So there's a lot to love in what we're seeing. And I'm very enthused by the bipartisan nature of this and the fact that we seem to actually have a deal, which is great.


    And it took several months, but here we are.

    I'm asking you about when Americans are going to see results from this, because we know many Americans increasingly worried about the price of gas, about the cost of goods that are being shipped, the so-called supply chain problems.

    And it caught our eye that, over the weekend, the White House said this bill is going to ease inflationary pressures, strengthen supply chains by making these long — these long-overdue improvements.

    How exactly is that going to happen? When are prices going to come down in connection with this legislation in a way that Americans can see that, touch it?


    Yes, I mean, first of all, we know that a lot of the mismatch between supply and demand is the world and the economy coming out of COVID. The quicker we can ensure that everybody's vaccinated, the quicker we get back to normal, right?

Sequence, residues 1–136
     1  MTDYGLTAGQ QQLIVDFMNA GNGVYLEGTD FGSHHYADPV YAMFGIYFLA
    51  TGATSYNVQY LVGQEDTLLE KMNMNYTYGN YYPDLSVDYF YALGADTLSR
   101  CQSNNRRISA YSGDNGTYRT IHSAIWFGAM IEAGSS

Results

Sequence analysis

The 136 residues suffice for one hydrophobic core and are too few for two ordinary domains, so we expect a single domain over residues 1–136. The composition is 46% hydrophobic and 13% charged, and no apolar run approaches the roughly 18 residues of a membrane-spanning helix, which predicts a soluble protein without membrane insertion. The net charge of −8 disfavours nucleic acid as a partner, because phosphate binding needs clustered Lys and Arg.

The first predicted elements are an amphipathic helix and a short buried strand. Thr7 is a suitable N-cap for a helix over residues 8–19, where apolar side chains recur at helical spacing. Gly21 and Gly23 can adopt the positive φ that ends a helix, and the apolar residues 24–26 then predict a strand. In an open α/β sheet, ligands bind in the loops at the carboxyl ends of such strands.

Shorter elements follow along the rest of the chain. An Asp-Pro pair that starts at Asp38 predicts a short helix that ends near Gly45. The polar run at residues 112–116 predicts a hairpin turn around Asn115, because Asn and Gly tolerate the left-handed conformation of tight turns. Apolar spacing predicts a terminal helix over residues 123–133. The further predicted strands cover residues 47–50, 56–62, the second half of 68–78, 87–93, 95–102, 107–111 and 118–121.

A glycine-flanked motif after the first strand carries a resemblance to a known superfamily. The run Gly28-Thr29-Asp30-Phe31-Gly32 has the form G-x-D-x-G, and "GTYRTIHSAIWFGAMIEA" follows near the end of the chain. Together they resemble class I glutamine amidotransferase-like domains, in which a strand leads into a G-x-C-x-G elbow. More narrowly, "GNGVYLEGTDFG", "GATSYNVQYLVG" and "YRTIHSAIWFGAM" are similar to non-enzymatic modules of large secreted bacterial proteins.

But there's also 17 Nobel economists who said that this bill will, in fact, address inflationary pressures, especially in addressing some of the physical bottlenecks that we have seen, so the investment in our ports and in our airports, in our railway systems. So that's important as well.

    There is no doubt there will be some natural evening out of prices and inflation, as soon as we get through this COVID. But it is going to take a few months before that — before that settles out.


    I was struck by that, because the administration is saying that this is going to have an effect on prices.

    I want to ask you about the criticism that the bill is not as effective as it might have been, if it hadn't had to have been watered down. We know, in order to get the bipartisan support you mentioned, watering down in this bill. We know there's going to be more watering down or whittling down, whatever you want to call it, in the Build Back Better bill that's still before the Congress, has not passed yet.

    I mean, how much difference do you think all that compromise which you had to make is going to make in the effectiveness of this legislation?


    Honestly, Judy, this is — especially with the two pieces, these are such historic investments in our country.

    But just even the infrastructure bill alone, I mean, it is the kind of investment that we have not seen in generations. So we're very positive about it. Yes, I mean, in all cases, compromise has to happen. And the president has always said that compromise is not a dirty word.